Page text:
Monday, February 22, 2010


Abridged Bakhtin for kix:
"""Carnival festivities and the comic spectacles and ritual connected with them had an important place in the life of medieval man. Besides carnivals proper, with their long and complex pageants and processions, there was the 'feast of fools' (festa stultorum) and the 'feast of the ass'; there was a special free 'Easter laughter' (risus paschalis), consecrated by tradition. Moreover, nearly every Church feast had its comic folk aspect, which was also traditionally recognized. Such, for instance, were the parish feasts, usually marked by fairs and varied open-air amusements, with the participation of giants, dwarfs, monsters, and trained animals. A carnival atmosphere reigned on days when mysteries and soties were produced. This atmosphere also pervaded such agricultural feasts as the harvesting of grapes (vendange) which was celebrated also in the city. Civil and social ceremonies and rituals took on a comic aspect as clowns and fools, constant participants in these festivals, mimicked serious rituals such as the tribute rendered to the victors at tournaments, the transfer of feudal rights, or the initiation of a knight. Minor occasions were also marked by comic protocol, as for instance the election of a king and queen to preside at a banquet 'for laughter's sake' (roi pour rire)" ""

"The suspension of all hierarchical precedence during carnival time was of particular significance. Rank was especially evident during official feasts; everyone was expected to appear in the full regalia of his calling... and to take the place corresponding to his position. It was a consecration of inequality. On the contrary, all were considered equal during carnival. Here, in the town square, a special form of free and familiar contact reigned among people who were usually divided by the barriers of caste, property, profession, and age. The hierarchical background and the extreme corporative and caste divisions of the medieval social order were exceptionally strong. Therefore such free, familiar contacts were deeply felt and formed an essential element of the carnival spirit. People were, so to speak, reborn for new, purely human relations. These truly human relations were not only a fruit of imagination or abstract thought; they were experienced. The utopian ideal and the realistic merged in this carnival experience, unique of its kind""" (10).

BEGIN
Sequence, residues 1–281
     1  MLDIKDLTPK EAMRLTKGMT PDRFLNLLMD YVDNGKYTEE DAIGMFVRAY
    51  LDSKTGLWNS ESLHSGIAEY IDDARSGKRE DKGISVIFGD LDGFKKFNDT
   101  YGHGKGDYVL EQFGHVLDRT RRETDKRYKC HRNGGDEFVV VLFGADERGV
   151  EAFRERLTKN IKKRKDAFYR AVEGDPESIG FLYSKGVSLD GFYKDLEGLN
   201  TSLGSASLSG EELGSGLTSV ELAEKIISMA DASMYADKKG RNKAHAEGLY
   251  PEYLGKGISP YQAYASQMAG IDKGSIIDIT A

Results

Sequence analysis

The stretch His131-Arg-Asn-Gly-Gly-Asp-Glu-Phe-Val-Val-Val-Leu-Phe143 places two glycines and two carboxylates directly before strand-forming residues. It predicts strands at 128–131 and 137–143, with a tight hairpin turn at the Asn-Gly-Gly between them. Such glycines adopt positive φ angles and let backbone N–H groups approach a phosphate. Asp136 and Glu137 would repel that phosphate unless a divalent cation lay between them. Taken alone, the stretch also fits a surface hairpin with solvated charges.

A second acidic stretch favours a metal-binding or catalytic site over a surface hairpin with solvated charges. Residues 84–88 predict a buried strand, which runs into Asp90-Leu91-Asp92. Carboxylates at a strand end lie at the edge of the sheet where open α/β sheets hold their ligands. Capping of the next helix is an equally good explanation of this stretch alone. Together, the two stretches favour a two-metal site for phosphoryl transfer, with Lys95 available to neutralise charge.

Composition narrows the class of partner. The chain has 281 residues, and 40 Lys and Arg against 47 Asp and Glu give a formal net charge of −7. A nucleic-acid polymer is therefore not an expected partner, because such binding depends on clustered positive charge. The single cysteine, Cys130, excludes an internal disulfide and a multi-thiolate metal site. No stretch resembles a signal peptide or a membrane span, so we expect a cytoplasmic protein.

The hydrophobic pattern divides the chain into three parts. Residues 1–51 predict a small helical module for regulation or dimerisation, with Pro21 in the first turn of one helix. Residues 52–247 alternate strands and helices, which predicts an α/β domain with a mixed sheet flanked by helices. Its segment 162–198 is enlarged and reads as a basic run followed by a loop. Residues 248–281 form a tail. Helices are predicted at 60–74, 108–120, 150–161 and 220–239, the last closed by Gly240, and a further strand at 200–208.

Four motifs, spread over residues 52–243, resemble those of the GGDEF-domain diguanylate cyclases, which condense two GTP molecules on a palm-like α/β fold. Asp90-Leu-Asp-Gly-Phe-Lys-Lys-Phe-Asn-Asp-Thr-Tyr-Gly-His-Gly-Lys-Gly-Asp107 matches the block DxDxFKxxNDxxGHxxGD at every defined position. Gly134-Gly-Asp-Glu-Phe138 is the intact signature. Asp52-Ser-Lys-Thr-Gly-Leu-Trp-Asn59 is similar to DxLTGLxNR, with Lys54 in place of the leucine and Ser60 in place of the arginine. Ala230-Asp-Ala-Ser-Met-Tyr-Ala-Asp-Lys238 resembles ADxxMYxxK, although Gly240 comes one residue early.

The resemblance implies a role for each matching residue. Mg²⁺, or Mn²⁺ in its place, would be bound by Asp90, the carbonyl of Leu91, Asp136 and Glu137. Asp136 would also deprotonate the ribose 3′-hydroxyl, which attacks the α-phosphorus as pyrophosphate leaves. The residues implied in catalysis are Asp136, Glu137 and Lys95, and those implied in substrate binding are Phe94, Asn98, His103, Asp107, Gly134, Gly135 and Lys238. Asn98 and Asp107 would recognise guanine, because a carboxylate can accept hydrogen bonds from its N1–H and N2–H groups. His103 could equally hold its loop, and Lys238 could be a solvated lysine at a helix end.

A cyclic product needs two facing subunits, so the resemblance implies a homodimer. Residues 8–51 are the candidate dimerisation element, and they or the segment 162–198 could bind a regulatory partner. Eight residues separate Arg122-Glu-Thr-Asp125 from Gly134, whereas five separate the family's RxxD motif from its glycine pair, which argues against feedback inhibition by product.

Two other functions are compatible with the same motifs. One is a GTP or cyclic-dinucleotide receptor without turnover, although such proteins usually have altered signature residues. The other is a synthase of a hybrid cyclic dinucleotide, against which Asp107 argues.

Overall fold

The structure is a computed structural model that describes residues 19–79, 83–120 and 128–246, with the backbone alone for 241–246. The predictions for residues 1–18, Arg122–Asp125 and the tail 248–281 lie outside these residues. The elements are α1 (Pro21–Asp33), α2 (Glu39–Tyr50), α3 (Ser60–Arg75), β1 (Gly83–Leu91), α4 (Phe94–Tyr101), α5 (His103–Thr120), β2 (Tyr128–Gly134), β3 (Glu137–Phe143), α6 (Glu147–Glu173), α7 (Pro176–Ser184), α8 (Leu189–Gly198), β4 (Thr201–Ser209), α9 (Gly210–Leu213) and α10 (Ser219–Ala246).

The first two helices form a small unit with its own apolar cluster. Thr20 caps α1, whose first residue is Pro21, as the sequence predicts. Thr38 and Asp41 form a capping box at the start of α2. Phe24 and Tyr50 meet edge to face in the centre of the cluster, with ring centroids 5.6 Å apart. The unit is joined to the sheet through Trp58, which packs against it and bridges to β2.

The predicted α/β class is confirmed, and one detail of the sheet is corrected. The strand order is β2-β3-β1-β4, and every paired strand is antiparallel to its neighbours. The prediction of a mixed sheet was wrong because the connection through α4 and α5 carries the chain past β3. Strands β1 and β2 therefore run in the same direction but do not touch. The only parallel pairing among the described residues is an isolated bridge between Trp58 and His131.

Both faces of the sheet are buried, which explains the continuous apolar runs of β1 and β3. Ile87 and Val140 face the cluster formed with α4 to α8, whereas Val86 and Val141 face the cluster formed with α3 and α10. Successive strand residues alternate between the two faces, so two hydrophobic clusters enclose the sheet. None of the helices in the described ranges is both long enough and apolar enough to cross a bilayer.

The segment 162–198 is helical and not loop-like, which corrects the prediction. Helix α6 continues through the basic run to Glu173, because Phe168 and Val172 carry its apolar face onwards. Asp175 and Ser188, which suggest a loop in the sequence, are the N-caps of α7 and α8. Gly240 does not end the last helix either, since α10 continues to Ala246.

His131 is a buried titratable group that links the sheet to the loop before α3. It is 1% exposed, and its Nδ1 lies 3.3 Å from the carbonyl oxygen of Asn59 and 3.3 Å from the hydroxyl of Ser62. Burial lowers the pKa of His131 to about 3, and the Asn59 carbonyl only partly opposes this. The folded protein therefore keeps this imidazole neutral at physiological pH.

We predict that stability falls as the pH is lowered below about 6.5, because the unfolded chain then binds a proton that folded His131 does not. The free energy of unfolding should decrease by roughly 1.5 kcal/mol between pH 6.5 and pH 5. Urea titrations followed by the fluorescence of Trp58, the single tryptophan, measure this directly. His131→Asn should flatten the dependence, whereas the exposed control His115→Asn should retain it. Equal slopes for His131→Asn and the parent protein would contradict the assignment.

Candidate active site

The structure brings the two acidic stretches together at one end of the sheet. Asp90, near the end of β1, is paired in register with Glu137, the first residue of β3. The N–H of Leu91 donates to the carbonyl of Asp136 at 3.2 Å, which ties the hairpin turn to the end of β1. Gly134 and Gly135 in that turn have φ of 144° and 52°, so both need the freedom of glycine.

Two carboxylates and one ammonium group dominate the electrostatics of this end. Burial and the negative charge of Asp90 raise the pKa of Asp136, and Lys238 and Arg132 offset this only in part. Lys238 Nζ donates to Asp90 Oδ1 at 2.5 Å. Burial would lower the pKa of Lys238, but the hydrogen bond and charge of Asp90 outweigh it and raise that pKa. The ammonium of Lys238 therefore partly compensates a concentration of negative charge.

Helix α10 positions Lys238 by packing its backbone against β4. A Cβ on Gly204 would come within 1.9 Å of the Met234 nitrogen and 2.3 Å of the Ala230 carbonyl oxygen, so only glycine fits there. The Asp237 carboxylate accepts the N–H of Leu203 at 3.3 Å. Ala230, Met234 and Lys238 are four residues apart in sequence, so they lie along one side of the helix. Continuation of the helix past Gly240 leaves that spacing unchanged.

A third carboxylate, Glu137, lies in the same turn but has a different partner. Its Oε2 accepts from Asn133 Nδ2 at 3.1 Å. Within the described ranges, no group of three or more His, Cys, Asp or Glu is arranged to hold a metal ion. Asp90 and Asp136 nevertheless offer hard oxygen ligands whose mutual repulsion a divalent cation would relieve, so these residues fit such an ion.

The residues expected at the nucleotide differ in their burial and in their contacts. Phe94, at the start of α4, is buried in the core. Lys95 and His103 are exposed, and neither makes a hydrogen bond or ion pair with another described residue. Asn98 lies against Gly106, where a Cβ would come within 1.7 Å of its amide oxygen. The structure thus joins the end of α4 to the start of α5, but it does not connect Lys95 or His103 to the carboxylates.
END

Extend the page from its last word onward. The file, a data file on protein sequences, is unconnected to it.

"""Carnival imagery was used by Erasmus, Shakespeare, Lope de Vega, Guevara, and Quevedo, by the German 'literature of fools'. "Without an understanding of it, therefore, a full appreciation of Renaissance and grotesque literature is impossible. Not only belles lettres but the utopias of the Renaissance and its conception of the universe itself were deeply penetrated by the carnival spirit and often adopted its forms and symbols""".

Carne-vale, or flesh -farewell. That held for western europe until the fool-killers arrived-- i.e., calvinists, islamists, shekelsists, polack and teutonic muscle men (ie most evangelical areas banned the celebration of carnival and Lent; Mardi Gras ). What was once sacred ritual now functions as spectacle for touristas; hey bubba google up topless ho's, nawlins.

Carnival and mardi gras were not primarily ...erotic--though the erotic elements...went back to the Saturnalia, if not hellenic bacchanals (...there seems to be a puritan meme that all pagans approved of decadence and depravity,yet that's not the case. Heraclitus, for one, denounced "the shameful phallic hymns" (tho' the catholic carnival nothing like pre-christian equinotical feasts)). The carnival affirms Satire (ala satyr...); the jester wears the king's crown, the plebes becomes pope. The grotesque becomes reality, though Bakhtin may have overlooked the sordid aspects of Carnival--. Revellers often engaged in sadistic excess at the expense of workers and the poor (in Shakespeare's 12th Night, Malvolio--the attendant commoner who objects to the revellers-- has a certain stoical dignity, and Feste doesn't lack a slightly demonic aspect (and one should not confuse the play with the flicks, including Branaugh's fluff). Poe's splendid tale (however misused by lit-hacks) Cask of Amontillado also hints at some of the darker currents of Carnival...

Authori-tay was, at least for a few weeks a year, overturned, whether of state or church (and the par-tay was, in theory, sort of multicultural, at least in old europe, though probably not in the colonial nightmare zones, until much later). Bakhtin most likely had stalinist bureaucracy as one of his targets as well along with western capitalism, and his point does not lack slightly anarchistic implications...

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